The Hidden Loss: Letting Go of My Will and Trusting God – Part One


Carol Kelly // Tell Your Story

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September 12  

I met Dave a few months after returning from working as a missionary. After this work for the Church, I had a religious ideal in mind for the type of man I would marry. God had something even better than what I imagined planned for me when he brought me Dave—this guy embraced life with a genuine joy! We were married on November 1, 2008, and happily welcomed our son CJ about a year and a half later. Not wanting to wait any longer, our daughter Lucy came only fourteen months later. After she was born, we used the Church’s method of Natural Family Planning for a few months to allow my body to recover from bearing two beautiful children. When Lucy was about a year old, we thought we’d try again to conceive. 

Christmas Day, 2012, I was really feeling nauseated, so I took a pregnancy test. It was negative. I was confused, but I tried to carry on, knowing it was negative. A few days later, I was still feeling pregnant, so I took another test that was “inconclusive.” What? Still confused but trying to be patient, I waited another few days before taking yet another test. Finally, a positive test. I made an appointment at my midwife’s office and started to rejoice in the pleasure of being pregnant. I really loved being pregnant. Granted, my first two pregnancies had not been complicated at all, so I was truly able to experience all the “feels” and witness my baby grow.

When we went to my midwife appointment, we were absolutely crushed—completely stunned by what they found. Or didn’t find. They took a blood test to confirm the pregnancy, and it was positive. The office asked that I come back in a few days for another blood test, to make sure that the numbers would continue to rise like they should. I left further confused, but trying to put everything in God’s hands. He knew what he was doing. I wasn’t too concerned yet. They would soon figure out that everything was fine with my baby.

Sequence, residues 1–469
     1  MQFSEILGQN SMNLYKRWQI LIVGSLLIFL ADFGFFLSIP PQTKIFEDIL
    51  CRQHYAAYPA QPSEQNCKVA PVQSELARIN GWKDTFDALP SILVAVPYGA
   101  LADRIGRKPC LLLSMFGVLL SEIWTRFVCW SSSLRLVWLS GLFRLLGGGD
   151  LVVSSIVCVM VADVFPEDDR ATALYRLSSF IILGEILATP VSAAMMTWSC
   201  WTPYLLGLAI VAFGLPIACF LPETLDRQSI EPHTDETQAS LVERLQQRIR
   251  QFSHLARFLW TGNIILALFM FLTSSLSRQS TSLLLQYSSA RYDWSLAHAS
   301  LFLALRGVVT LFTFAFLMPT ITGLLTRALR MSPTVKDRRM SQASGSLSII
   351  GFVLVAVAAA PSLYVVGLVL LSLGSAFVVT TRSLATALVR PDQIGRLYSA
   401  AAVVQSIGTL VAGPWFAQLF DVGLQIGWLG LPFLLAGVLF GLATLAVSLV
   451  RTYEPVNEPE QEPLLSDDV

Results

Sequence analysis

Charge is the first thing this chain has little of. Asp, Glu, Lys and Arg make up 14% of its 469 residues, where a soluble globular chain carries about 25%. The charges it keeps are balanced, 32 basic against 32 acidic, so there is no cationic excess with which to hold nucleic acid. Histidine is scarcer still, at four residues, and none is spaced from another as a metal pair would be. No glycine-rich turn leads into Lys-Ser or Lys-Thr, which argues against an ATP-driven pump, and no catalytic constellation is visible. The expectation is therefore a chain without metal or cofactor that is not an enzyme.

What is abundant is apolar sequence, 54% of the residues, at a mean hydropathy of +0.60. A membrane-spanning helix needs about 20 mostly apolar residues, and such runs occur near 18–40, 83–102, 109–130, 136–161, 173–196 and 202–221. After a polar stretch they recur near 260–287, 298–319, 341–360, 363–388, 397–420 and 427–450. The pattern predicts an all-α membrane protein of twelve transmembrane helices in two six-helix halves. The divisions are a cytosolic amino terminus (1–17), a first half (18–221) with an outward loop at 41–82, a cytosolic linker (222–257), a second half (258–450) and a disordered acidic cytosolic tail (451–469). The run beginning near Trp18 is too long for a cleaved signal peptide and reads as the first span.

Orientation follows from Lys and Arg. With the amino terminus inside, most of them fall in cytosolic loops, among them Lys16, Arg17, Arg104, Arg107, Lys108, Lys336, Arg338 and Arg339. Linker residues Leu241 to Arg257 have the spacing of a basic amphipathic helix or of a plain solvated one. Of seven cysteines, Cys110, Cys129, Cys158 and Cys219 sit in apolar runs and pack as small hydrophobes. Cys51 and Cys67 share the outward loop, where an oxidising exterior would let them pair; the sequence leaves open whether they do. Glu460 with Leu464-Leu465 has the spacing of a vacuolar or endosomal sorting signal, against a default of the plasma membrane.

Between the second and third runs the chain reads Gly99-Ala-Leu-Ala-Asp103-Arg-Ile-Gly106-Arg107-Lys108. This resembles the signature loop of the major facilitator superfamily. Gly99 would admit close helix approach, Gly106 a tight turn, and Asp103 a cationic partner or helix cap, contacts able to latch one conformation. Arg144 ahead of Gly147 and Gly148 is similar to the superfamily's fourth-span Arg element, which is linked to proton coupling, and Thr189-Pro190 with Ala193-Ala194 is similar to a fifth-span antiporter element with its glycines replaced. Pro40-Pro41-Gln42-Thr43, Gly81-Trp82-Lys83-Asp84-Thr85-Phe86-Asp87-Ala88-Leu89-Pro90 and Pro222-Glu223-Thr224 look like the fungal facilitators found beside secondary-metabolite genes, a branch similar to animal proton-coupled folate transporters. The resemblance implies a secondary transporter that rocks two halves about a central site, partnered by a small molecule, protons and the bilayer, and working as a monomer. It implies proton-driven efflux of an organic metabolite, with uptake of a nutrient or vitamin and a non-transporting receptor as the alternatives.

When I returned for a blood test, the numbers they were looking for had grown, but not as astronomically as they should have for a growing baby. “Well, let’s use a camera to see what’s going on.” So they conducted an ultrasound, but there was no evidence that there was ever a baby. The midwife’s office referred us to an OB that they worked with for a more advanced type of ultrasound. 

In the meantime, all of the signs were indicating an ectopic pregnancy. I felt totally abandoned by God; I knew he was there, but I didn’t feel his presence. The pastor at our parish was an amazing help to us, totally a Godsend. He himself is a canon lawyer, and he helped my husband think clearly for us when I felt as if I myself couldn’t think very clearly. It was such a unique situation, and there were bioethical issues in play. The doctors wanted to treat this potentially life-threatening situation medically, but we had to know that we were making decisions in line with the Lord’s and the Church’s teachings. When we went to the appointment with the OB office, the technician prepared us before she put on the ultrasound; there was a chance that I would have to have surgery. We knew that whoever was growing inside me had died and that there was no chance that there was a viable human life any more. It turns out that on the ultrasound screen, there was a lot of fluid surrounding the fallopian tube. It had likely ruptured.

I went straight from the office to be admitted to the hospital for surgery. The procedure was to make a slit in the tube, remove the tissue, sew it back up, and things would heal back to normal. (Even now it hurts to write the word “tissue”). 

My mom had come to help with CJ and Lucy. She raised eight children herself, so I knew they were in good hands. I came home on a Friday, and my husband took a couple of days off of work to be with me. I was being cared for by family and friends while slowly recovering at home. Or so I thought.

Please stay tuned for the second half of Carol’s story in the second week of October!

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